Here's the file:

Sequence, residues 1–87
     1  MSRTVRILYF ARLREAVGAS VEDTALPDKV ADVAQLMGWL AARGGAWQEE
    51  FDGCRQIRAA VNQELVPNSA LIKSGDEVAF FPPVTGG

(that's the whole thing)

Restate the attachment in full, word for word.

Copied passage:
Sequence, residues 1–87
     1  MSRTVRILYF ARLREAVGAS VEDTALPDKV ADVAQLMGWL AARGGAWQEE
    51  FDGCRQIRAA VNQELVPNSA LIKSGDEVAF FPPVTGG